Help with OAGIS schemas, anyone?

I know of a company embarking on an integration initiative.  They’d like to build their own enterprise LDM, and ‘magically’ map it to the OAGIS message schemas. That’ll probably mean that they can’t magically create or update the XML schemas, but they would like to manage a single XML model if they can, mapped to all the XSDs, and use it to regenerate XSDs when they change.

That means they’d have to reverse-engineer a single XML model from the OAGIS schemas, and map it back to those schemas.  Has anyone tried this?

Advertisements

Poor Data Quality prevents a strike

Lack of attention to data quality has cost the RMT (signal workers) union dearly.  They had planned to hold a national rail strike in the UK, but Network Rail found flaws in their ballot, and on April 2nd the High Court ruled that the strike could not go ahead.   Network Rail had claimed that the irregularities affected almost 300 votes or potential votes in the ballot.  The irregularities are all issues of data quality, though their impact on the ballot outcome is variable:

• Balloting 11 signal boxes that have been closed for years, including one destroyed by arson

• Recording more votes than employees in 67 locations

• Failing to ballot 26 workplaces involving 100 staff

• Balloting 12 locations where staff were ineligible to vote

The union claim on their web sitethat Network Rail may have provided the High Court with false information today in their efforts to convince the Court of their case“.  Hmm, does that just point to more bad data at the RMT?

See http://www.newstatesman.com/business/2010/04/rail-strike-planned-judge, http://www.networkrail.co.uk/aspx/6746.aspx, http://patrickhenrypress.info/node/173781, http://uk.finance.yahoo.com/news/rail-strike-fight-high-court-ruling-due-skynews-63fa5c7f6120.html?x=0 for more.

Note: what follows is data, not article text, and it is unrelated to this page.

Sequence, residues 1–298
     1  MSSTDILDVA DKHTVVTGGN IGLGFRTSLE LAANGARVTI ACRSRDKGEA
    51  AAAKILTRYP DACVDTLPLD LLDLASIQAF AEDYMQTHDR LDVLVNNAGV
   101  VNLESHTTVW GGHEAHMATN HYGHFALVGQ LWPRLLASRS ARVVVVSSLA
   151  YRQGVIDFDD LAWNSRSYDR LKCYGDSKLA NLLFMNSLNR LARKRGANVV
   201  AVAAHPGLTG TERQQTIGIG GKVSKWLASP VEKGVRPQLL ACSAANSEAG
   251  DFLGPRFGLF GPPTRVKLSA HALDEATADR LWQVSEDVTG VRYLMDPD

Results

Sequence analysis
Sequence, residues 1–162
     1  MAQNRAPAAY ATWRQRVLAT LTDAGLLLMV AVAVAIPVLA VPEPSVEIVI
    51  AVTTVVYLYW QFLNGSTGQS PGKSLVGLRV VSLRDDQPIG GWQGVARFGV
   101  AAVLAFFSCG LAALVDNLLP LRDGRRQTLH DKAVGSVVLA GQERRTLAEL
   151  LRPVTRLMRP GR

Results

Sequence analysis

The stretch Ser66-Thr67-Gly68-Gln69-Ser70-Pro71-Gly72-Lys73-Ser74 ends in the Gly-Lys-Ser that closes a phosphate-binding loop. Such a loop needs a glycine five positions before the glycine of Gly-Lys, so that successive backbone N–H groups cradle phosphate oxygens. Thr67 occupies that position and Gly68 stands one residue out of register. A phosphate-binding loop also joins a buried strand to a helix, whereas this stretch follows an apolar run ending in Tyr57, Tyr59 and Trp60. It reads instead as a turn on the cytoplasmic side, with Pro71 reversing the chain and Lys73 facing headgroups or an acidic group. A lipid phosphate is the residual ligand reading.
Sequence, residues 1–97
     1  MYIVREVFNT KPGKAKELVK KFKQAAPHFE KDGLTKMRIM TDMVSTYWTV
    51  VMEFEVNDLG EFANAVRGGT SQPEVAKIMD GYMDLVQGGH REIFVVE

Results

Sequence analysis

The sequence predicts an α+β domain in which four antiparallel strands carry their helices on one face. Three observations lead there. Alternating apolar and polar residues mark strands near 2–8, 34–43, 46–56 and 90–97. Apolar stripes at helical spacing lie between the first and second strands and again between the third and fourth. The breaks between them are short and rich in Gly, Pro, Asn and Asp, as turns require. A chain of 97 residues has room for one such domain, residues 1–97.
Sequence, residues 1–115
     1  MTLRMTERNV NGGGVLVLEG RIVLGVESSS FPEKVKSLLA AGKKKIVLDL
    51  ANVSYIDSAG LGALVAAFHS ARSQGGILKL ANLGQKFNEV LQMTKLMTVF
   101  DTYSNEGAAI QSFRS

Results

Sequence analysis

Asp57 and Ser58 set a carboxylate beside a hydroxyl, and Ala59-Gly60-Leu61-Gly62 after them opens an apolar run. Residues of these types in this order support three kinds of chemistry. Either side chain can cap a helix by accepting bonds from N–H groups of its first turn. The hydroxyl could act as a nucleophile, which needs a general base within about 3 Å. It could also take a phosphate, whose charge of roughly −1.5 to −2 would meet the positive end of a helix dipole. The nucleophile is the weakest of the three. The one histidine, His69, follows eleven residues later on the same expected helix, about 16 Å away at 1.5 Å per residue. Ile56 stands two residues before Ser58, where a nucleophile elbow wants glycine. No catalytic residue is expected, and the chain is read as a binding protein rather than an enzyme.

IT must take its own medicine

Do these statements make sense to you?

while IT has been busy driving business value by eliminating repetitive, manual tasks from the rest of the enterprise, it has allowed its own department to continue to be plagued with them.

….

what IT needs now is to bring the same type of task automation it has installed throughout the rest of the enterprise into its own area.”

Whether they make sense or not, I suggest you take a look at Information Management magazine’s recent article on the subject, “It’s Time for IT to Drink Its Own Kool-Aid”, by Dan Wilhelms.  I’ll have to find out what Kool-Aid is (we don’t have it here in the UK), but I’m sure I’ll agree with the analogy.  IT must take its own medicine (see my first ever post).

Subterranean Computing

My thanks go to Jim Harris for his fascinating insight into the latest IT buzzword.  See his blog.

“Instead of beaming your data up into the cloud, bury your data down underground.”

“Industry Analyst Lirpa Sloof has recently reported rumors are circulating that Larry Ellison of Oracle is planning on announcing the first Cloud-Subterranean hybrid computing platform at the Oracle OpenWorld 2010 conference”